In 2010, the American Musicology Society (AMS) Popular Music Study Group started a representative bibliography of books on popular music: http://grove.ufl.edu/~amspop/bibliography.html
It is not a comprehensive list but does include a number of ground-breaking models and places to begin research in popular music. The first part of the list is divided into the following categories:
A. Overviews: Research Guides, Disciplinary Assessments, and Methodologies
B. Production: Industry, Media, Sound, Performance
C. Consumption: Audiences, Geographies, and Identity Politics
F. Biographies: Single-Artist Studies
The document is a “living” document and therefore anyone can write to the Group to suggest adding new material.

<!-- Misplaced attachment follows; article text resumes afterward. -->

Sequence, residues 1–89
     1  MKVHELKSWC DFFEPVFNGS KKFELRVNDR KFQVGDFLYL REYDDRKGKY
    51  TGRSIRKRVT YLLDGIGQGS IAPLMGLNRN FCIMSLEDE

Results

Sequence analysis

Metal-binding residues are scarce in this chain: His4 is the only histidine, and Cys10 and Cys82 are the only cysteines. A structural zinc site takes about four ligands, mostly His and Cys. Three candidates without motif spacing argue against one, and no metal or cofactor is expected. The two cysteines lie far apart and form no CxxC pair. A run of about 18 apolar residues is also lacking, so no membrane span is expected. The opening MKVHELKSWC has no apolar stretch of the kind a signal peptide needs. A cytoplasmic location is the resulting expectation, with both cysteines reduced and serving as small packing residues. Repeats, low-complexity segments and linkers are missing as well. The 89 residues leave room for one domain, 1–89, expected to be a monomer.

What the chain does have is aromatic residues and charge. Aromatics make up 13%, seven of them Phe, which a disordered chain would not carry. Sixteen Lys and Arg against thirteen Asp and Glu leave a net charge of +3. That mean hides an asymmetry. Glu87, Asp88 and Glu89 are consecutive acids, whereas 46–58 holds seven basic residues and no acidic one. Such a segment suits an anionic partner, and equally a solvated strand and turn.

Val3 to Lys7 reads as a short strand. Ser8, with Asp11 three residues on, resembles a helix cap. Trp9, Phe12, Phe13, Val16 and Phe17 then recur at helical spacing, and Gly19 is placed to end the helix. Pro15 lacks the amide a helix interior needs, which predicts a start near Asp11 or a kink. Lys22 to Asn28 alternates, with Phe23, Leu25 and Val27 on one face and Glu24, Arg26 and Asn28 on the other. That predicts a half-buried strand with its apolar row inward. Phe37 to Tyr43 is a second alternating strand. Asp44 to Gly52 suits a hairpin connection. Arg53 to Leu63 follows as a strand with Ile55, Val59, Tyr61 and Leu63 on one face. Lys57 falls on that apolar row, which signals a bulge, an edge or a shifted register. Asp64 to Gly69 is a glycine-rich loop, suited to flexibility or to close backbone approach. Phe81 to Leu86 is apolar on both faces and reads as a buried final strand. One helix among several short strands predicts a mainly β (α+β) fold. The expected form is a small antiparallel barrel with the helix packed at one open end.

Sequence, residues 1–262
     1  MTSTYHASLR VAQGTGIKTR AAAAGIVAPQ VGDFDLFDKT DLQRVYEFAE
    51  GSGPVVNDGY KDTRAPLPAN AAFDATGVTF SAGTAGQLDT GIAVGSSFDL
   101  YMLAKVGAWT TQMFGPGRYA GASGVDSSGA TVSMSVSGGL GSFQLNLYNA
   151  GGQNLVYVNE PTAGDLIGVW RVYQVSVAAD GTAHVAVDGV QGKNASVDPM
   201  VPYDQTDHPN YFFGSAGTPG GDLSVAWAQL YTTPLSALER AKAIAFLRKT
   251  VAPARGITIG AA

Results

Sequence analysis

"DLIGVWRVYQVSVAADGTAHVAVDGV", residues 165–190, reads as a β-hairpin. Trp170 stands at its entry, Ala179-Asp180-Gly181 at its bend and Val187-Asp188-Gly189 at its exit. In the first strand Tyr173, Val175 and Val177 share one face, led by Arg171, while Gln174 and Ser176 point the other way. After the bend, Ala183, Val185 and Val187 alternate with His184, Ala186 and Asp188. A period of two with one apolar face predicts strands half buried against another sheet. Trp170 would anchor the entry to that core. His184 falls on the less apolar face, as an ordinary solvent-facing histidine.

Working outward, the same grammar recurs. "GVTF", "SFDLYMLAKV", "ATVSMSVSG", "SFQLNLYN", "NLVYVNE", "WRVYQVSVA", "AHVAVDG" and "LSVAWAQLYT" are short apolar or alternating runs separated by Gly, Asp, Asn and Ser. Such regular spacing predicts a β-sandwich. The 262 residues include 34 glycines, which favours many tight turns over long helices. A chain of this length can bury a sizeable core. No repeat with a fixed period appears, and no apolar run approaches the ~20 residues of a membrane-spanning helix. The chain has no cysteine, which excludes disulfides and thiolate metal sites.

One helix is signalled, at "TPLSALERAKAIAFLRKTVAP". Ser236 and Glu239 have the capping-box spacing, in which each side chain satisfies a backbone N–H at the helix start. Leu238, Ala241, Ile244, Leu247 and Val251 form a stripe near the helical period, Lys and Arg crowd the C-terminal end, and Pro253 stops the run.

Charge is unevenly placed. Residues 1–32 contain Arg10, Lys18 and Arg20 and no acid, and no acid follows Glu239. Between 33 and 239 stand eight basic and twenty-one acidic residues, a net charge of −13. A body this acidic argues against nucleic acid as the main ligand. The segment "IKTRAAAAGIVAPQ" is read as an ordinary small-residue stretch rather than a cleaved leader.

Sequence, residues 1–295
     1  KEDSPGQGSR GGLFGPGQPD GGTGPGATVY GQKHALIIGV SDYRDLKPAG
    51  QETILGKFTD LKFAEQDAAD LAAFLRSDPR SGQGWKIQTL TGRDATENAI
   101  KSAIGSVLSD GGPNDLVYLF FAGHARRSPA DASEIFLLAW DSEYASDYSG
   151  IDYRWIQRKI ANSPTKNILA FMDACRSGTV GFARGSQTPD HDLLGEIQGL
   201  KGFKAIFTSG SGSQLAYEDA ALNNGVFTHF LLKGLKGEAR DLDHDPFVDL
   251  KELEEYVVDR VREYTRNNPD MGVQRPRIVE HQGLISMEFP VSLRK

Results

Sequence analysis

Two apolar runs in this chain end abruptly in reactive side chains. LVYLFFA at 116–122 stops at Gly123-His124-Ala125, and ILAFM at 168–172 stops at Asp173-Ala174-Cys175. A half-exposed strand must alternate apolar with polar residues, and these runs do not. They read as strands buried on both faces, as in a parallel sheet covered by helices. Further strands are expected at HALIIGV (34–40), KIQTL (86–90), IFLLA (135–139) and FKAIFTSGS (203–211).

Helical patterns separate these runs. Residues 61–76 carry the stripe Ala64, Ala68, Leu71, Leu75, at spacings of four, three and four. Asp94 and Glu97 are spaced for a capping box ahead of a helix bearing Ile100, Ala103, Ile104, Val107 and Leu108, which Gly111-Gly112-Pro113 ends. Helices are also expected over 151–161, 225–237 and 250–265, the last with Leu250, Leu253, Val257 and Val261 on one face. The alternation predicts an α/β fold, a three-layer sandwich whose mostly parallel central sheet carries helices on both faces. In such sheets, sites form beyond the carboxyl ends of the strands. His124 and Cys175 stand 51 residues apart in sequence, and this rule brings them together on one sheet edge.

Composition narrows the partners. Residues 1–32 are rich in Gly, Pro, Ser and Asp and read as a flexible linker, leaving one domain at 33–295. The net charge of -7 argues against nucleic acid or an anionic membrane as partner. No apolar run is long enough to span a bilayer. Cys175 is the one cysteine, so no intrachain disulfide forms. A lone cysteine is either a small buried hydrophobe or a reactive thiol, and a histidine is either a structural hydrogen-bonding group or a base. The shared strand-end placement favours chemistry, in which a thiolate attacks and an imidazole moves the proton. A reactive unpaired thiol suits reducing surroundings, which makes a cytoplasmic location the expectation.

From this list, I have recently read:
Spicer, Mark and John Covach. Sounding Out Pop: Analytical Essays in Popular Music. Ann Arbor: University of Michigan Press, 2010.
This collection of articles contains several excellent analytical approaches to popular music in particular those exploring the compositional processes of Leiber & Stoller and the Coasters, Roy Orbison, Marvin Gaye and the Police.
Zak, Albin J. III. I Don’t Sound Like Nobody: Remaking Music in 1950s. Ann Arbor: University of Michigan Press, 2010.
This work looks at the “sound of [the] genesis” [Introduction, p. 7] of rock and roll by reviewing the range of musical experimentation and technological change in popular music of the fifties.